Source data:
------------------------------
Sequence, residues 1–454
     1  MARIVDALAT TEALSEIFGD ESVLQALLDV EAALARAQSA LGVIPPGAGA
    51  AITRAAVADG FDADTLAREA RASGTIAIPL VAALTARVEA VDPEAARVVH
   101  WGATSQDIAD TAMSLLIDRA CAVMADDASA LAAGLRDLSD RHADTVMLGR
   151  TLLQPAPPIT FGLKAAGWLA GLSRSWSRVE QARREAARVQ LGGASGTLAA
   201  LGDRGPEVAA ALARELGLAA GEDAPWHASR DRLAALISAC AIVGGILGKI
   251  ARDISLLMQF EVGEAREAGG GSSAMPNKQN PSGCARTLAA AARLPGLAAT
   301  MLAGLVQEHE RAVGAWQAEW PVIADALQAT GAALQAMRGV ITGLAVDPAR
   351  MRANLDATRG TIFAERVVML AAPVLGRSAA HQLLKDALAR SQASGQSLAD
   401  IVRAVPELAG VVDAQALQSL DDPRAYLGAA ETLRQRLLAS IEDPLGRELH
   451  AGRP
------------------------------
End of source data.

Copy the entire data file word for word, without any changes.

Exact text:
Sequence, residues 1–454
     1  MARIVDALAT TEALSEIFGD ESVLQALLDV EAALARAQSA LGVIPPGAGA
    51  AITRAAVADG FDADTLAREA RASGTIAIPL VAALTARVEA VDPEAARVVH
   101  WGATSQDIAD TAMSLLIDRA CAVMADDASA LAAGLRDLSD RHADTVMLGR
   151  TLLQPAPPIT FGLKAAGWLA GLSRSWSRVE QARREAARVQ LGGASGTLAA
   201  LGDRGPEVAA ALARELGLAA GEDAPWHASR DRLAALISAC AIVGGILGKI
   251  ARDISLLMQF EVGEAREAGG GSSAMPNKQN PSGCARTLAA AARLPGLAAT
   301  MLAGLVQEHE RAVGAWQAEW PVIADALQAT GAALQAMRGV ITGLAVDPAR
   351  MRANLDATRG TIFAERVVML AAPVLGRSAA HQLLKDALAR SQASGQSLAD
   401  IVRAVPELAG VVDAQALQSL DDPRAYLGAA ETLRQRLLAS IEDPLGRELH
   451  AGRP